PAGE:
3. Cyclists/Drivers are required to wear a fireproof suit. Body armor, while optional, is highly recommended.

The dropped weapon ruling is pretty self-explanatory. This is a paved asphalt track out in the middle of the badlands. This is very expensive to try to get fixed . . . Imagine paying construction workers triple time for hazardous duty pay and you can see why the gangs do not want to destroy the track surface every month. Smoke and paint projectors are allowed because they do not damage the surface or create an undue hazard to other vehicles . . . They get the same effect trying to drive though the tire smoke of someone who has just spun in front of them.  Smoke and paint weapons are okay as long as the event rules allow for them. This does mean that smoke and paint grenades are allowed, but are also the only grenades allowed (no concussion, fragmentary, incendiary, etc.). The burst radius on these would eliminate the field rather quickly once 17 cyclists started sowing grenades all around. No one would make it through the first curve much less the rest of the course! No combat allowed inside the pit area, and no vehicle may engage or target another vehicle while one or both is within the pit area. Vehicles outside pit row may not engage or target vehicles on pit row.

Track Events

The following is included to try to help give referees ideas with creating their own events at this track.

Divisional Racing: AADA/R Class. Vehicles in these events must comply with current AADA/R rules and regulations for vehicle design and construction. Drivers may not carry weapons, and their vehicles may not mount any weapons either. This includes dischargers. Body blades and bumper spikes are allowed however ramplates are not. Victory is determined by first vehicle to complete the required number of laps. Vehicles competing in this event do mount some armor since they occasionally compete within other divisions that allow drivers to carry hand weapons. Besides, the extra armor is nice in case of a rollover situation.

Divisional Racing: Open Class. Vehicles in this class have no restrictions on motive power sources, save temporary speed boosters (i.e. rocket boosters, ISCs, and nitrous systems) and the carrying capacity of their frames. Motive power sources tend to be gasoline-powered, so class distinctions are based on monetary limits and the aspiration of the engines. Naturally aspirated engines and turbine (turbo or supercharged) engines will compete in separate events. Electric powered vehicles, while rare, are allowed to compete in either class. Electric vehicles tend to do better on courses favoring top end versus acceleration. Drivers may not carry weapons and their vehicles may not mount any weapons either.  This includes dischargers. Body blades and bumper spikes are allowed however ramplates are not. Victory is determined by first vehicle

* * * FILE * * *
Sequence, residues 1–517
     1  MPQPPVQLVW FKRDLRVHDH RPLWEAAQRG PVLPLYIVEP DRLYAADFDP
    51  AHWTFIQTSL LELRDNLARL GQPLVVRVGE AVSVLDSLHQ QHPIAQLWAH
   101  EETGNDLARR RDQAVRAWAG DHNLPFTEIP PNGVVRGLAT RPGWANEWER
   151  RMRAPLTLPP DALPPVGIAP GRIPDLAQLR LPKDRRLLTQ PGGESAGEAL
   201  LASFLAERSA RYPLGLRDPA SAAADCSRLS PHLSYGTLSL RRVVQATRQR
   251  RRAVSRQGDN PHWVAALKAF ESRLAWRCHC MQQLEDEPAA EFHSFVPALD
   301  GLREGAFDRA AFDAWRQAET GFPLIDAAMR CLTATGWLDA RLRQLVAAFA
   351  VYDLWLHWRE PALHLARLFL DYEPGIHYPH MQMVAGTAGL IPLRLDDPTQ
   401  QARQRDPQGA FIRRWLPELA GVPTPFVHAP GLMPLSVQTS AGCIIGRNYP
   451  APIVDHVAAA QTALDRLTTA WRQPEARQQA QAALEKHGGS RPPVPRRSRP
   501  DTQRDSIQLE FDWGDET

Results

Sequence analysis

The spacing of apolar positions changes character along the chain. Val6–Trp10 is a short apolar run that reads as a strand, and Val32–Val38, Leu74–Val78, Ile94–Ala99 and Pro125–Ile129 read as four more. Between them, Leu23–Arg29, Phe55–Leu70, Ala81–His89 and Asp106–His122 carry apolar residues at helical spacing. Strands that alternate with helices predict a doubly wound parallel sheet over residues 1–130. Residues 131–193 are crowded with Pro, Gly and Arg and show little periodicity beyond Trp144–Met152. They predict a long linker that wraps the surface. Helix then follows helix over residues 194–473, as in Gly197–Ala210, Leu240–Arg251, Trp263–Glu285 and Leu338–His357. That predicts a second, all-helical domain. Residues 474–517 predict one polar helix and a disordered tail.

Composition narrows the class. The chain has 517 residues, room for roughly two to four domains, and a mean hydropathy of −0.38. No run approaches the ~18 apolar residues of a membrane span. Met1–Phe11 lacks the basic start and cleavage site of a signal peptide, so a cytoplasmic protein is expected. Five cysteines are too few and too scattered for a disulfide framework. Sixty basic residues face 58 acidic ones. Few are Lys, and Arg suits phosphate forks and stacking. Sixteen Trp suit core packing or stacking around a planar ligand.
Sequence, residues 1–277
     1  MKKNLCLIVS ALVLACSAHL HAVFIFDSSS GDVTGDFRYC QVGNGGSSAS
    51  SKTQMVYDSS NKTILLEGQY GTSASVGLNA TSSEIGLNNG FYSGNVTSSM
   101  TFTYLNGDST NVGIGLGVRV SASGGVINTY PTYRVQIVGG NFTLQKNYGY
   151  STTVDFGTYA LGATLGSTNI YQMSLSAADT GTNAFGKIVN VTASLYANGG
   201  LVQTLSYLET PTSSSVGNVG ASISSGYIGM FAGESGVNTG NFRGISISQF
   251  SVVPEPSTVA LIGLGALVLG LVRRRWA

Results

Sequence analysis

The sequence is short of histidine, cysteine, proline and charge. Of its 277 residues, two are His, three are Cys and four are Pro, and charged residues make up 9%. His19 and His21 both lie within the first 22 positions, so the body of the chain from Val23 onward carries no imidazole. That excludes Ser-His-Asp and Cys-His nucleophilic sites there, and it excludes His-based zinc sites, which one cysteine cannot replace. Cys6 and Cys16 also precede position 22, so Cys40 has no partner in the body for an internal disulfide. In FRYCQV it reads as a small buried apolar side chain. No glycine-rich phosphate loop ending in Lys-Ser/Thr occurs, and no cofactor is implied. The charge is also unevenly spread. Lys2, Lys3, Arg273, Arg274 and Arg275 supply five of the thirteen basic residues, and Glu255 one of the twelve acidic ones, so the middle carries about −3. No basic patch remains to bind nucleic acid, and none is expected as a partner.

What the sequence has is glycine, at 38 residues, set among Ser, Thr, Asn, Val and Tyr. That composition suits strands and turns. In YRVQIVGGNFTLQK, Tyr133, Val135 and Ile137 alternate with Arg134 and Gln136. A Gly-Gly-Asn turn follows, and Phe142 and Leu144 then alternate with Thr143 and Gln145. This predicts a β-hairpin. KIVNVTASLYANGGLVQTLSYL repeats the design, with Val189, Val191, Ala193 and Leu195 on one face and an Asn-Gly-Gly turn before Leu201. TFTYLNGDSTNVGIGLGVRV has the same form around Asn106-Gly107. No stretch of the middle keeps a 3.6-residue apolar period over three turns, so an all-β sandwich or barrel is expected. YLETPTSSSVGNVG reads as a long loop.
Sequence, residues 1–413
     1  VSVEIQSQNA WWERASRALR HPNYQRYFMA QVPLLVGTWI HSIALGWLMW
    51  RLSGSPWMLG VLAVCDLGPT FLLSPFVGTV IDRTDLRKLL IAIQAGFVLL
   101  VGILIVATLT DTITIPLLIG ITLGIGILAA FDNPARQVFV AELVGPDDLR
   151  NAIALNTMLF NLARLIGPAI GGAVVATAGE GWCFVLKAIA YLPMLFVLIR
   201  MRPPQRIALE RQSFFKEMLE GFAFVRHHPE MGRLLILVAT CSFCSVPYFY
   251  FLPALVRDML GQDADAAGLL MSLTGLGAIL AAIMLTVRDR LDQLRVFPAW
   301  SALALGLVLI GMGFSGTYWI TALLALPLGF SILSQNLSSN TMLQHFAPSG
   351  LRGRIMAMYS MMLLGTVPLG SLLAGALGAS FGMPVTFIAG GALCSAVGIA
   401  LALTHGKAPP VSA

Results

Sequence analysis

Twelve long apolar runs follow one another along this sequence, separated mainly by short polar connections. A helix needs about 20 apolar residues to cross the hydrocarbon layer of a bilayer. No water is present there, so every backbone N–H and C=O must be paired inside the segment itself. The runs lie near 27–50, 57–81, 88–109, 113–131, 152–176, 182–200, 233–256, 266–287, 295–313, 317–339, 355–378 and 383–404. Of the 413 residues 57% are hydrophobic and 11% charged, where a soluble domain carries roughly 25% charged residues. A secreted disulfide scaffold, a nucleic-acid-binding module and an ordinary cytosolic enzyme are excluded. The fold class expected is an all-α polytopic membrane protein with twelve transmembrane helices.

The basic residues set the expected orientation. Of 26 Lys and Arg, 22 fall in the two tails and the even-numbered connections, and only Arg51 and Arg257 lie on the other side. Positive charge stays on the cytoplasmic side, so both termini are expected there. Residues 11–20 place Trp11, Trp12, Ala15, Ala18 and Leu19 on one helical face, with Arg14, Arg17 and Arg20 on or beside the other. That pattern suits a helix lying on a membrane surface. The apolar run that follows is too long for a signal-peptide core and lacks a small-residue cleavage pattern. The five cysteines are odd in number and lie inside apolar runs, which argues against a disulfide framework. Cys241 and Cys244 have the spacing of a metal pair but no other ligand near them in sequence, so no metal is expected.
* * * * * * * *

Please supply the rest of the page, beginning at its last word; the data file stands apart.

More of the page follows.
to complete the required number of laps. Vehicles competing in this event do mount some armor since they occasionally compete within other divisions that allow drivers to carry hand weapons. Besides, the extra armor is nice in case of a rollover situation. The cycles listed below sport cycle blades in order to assist other racers in resisting the temptation to give a friendly little shove or bump at 150 mph. The blades also help when racers are trying to hold their position from a fast approaching rival.

Divisional Racing: Dueltrack Class. These rules allow racers to arm themselves and their vehicles. The focus is still on speed and handling, there are just some different options available should a racer want to pass or try to hold his position. Some events allow for hand weapons only, some vehicular weapons only, while others allow both. In most cases, the racers will have to complete a set number of  laps before being allowed to fire upon other racers. Victory goes to first racer to complete a set number of laps, or the last racer able to circle the course under his own power.  Burst effect weapons are allowed, but with a few restrictions. Burst effect weapons cannot be used to target the track surface
in hopes of hitting targets with the burst effect. This tactic damages the surface, disqualifies the rider and shortens his life span once he reaches the track officials' reception committee in the garage area. All burst effect weapons must be of the single-shot type if their burst effect is greater than 1" (i.e. MRs fired one at a time are okay, RLs are not, MMLs are okay, LAWs and gyrosluggers are okay as long as the rider carries no reloads, etc.)  No tripod or "man-portable" type hand weapons allowed. Racers using these burst weapons may reload them, but only on pit row. Multiple weapons may be purchased (i.e. 2 LAWs, 3 gyrosluggers, etc.) to reduce pit stop times (just have to stop, wait one second for crew to hand over new, loaded weapon, then go), but the total price of all weapons and ammunition counts toward the Divisional monetary limits. Since only one weapon can be carried at a time, only the weight of one weapon (and ammunition) needs to be factored into total            vehicle weight. Hand weapons without burst effects (pistols, rifles, shotguns, AVRs, etc. are not subject to this reloading restriction, and the rider may carry extra magazines if vehicle weight and monetary limits allow. Some events allow (or even require) passengers, and please keep in mind these are the only occupants of a vehicle allowed to use two-handed weapons. I would like to see how long a cyclist could stay on this track at 150 mph without holding onto the handlebars! Pilots must stick to one-handed weaponry only.